In recent weeks New England has become the focal point for the latest intense legal battles over legitimizing homosexual partnerships.
Across the US, many communities have inched toward granting homosexuals the rights that come with marriage - such as health-insurance benefits and legal status as parents. And with equal fervency, opponents have argued that American society will be threatened if the definition of marriage extends beyond the traditional form of one woman and one man.
The questions at issue are likely to confront generations to come: Should gay and lesbian relationships be sanctioned, and to what degree?
There is no simple path to consensus - in the courts and in society at large - as the New England cases show:
*A plan to extend insurance benefits to the domestic partners of Boston's employees was struck down recently by the Massachusetts Supreme Judicial Court. For cities to grant such benefits, the legislature would have to change a 1967 law that gives coverage only to spouses and dependent children.
*The same court recently expanded the parental rights of homosexuals. A gay partner who co-parents a child can be entitled to visitation rights after a breakup, it ruled. Only a few other states recognize such "de facto" parents, and many do not allow homosexuals to adopt.
*In Vermont, a ruling is pending in a Supreme Court case brought by several gay couples who were refused marriage licenses. Some advocates say the court is likely to approve same-sex marriage, and that, unlike in Alaska and Hawaii, the state's constitutional amendment process would make it difficult to counteract such a decision.
*Even church disputes have wound up in court. A group of parishioners filed suit in Plymouth County last week against the Episcopal Diocese of Massachusetts. The worshippers were banned from church grounds because they tried to split from the diocese after it voted to allow same-sex marriage ceremonies.
Striving to be recognized
The push for recognition of family ties among homosexuals has surged in recent years for several reasons. For one, the movement has largely achieved some of its earlier objectives, such as bringing homosexuality "out of the closet" and convincing more of the public that homosexuals should not be discriminated against in jobs or housing. Asking for equal rights when it comes to forming families is a natural next step, says Kenneth Sherrill, a political scientist at the City University of New York's Hunter College.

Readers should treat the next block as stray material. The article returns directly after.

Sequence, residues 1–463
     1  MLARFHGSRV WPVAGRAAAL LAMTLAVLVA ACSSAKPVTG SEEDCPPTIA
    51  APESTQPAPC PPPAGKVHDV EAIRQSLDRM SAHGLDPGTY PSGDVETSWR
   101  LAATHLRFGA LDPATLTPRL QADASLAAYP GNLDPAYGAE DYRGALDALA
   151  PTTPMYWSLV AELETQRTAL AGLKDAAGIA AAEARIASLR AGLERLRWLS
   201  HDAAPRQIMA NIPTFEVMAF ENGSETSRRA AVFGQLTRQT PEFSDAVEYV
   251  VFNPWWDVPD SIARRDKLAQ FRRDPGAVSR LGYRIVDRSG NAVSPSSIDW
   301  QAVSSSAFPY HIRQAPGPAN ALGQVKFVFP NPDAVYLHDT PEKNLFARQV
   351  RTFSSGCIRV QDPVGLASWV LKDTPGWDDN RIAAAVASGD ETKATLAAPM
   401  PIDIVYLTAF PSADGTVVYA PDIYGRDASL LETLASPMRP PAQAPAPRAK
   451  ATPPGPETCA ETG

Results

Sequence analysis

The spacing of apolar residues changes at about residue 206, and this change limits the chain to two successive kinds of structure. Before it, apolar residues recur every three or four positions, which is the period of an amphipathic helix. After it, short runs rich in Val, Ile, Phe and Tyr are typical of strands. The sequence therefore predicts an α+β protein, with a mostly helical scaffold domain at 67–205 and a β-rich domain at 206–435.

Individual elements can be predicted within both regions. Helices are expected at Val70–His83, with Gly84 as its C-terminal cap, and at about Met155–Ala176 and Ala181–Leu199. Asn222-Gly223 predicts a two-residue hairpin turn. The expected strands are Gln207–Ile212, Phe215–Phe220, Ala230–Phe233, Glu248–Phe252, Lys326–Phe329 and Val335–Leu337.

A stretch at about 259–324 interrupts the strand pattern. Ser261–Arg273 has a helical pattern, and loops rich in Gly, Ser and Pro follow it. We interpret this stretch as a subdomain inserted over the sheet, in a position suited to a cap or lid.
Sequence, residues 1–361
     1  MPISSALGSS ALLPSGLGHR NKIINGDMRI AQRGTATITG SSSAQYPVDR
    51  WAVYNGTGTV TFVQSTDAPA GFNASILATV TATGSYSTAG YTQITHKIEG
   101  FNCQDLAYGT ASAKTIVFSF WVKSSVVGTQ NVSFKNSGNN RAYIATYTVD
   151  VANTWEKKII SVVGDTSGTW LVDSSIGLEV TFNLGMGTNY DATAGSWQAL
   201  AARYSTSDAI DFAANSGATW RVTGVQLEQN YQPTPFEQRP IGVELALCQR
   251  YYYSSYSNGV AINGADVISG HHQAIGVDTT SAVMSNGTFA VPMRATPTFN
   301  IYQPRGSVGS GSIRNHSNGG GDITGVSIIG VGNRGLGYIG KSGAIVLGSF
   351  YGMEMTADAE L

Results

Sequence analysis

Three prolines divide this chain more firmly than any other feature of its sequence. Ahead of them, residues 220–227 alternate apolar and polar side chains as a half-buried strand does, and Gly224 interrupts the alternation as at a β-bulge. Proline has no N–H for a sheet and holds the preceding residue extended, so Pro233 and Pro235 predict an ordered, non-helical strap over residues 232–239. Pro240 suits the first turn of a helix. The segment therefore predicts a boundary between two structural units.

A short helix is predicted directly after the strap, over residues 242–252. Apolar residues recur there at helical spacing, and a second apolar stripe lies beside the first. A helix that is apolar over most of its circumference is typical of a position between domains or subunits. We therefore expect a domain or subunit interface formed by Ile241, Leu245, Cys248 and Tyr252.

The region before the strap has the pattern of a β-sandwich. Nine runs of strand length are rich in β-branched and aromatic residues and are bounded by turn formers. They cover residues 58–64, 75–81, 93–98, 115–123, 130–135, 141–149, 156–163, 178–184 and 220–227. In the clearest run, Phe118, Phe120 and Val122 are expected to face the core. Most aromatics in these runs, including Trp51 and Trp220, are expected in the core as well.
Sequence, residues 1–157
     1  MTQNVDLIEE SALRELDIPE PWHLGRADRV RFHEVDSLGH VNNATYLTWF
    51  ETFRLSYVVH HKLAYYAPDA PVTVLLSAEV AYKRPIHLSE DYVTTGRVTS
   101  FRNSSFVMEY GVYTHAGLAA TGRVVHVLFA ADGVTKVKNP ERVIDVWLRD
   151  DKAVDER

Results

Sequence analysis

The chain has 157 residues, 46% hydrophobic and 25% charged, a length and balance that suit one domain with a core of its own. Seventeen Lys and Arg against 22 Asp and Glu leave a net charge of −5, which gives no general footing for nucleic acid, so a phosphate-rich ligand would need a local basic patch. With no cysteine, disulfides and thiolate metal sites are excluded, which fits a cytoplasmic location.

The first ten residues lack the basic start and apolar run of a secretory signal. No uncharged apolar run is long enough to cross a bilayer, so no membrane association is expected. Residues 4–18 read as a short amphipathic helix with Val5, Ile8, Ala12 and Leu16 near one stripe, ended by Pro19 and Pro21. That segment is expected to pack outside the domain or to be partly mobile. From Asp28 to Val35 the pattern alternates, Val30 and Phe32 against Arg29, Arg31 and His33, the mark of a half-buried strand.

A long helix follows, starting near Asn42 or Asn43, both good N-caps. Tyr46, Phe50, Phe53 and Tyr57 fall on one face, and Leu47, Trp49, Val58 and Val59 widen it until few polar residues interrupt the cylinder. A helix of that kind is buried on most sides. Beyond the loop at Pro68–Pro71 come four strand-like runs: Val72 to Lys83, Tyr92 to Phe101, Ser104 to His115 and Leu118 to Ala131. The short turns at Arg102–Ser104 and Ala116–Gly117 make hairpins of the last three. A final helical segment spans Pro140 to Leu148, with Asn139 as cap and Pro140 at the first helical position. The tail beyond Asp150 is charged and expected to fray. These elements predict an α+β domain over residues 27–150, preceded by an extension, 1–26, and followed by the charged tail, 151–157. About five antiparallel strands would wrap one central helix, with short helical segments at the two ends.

"Gay people are starting to feel ... entitled to the benefits" that come with marriage, adds Beatrice Dohrn, legal director of Lambda Legal Defense and Education Fund in New York, a gay-rights group.
During the AIDS crisis, issues related to health-care, insurance benefits, and inheritance came to the forefront. And as the baby-boom generation of activists has aged, family issues have become more important. One advocacy group estimates that the number of gay and lesbian parents nationwide tops 4 million.
Private employers have been quicker than governments to grant benefits in recognition of these long-term homosexual relationships. About one-fourth of companies with at least 5,000 workers accommodate unmarried couples, according to Lambda Legal Defense and Education Fund. About 50 cities and four states offer such benefits to their employees.
The discussion about legalizing same-sex marriages - in court rooms and around dinner tables - has accelerated at a pace that surprises even some advocates. And with that thrust, the opposition has been galvanized.
In 1996, President Clinton signed the Defense of Marriage Act, which says states do not have to recognize same-sex marriages if they are legalized in other states. It also defines marriage, for the purposes of federal agencies and Congress, as between one man and one woman. Proponents are pushing similar laws in the states. "When you're dealing with symbolic benefits - as opposed to tangible benefits - those are much more contested areas," says Mr. Sherrill. The arguments against both domestic-partnership plans and same-sex marriage emphasize the importance of heterosexual unions. The state benefits from promoting traditional families that can produce children, the taxpayers of the future, says the Rev. Lou Sheldon, chairman of the Traditional Values Coalition in Washington. And although single parents can raise children, the best situation is a mother and father, he says.
Public sends mixed message
The majority of Americans apparently agree. Sixty-two percent said in a recent Gallup poll that gay marriage should not be legal. By contrast, 83 percent said homosexuals should have equal employment rights. Gay-rights advocates say it's only a matter of time before public resistance fades away.
But others are equally determined to ensure marriage survives in its present form. It is the chief vehicle for passing on values in American society, says Vincent McCarthy of The American Center for Law and Justice, which brought the successful court challenge against Boston's domestic-partnership plan. "It can't be modified without destroying it."
(c) Copyright 1999. The Christian Science Publishing Society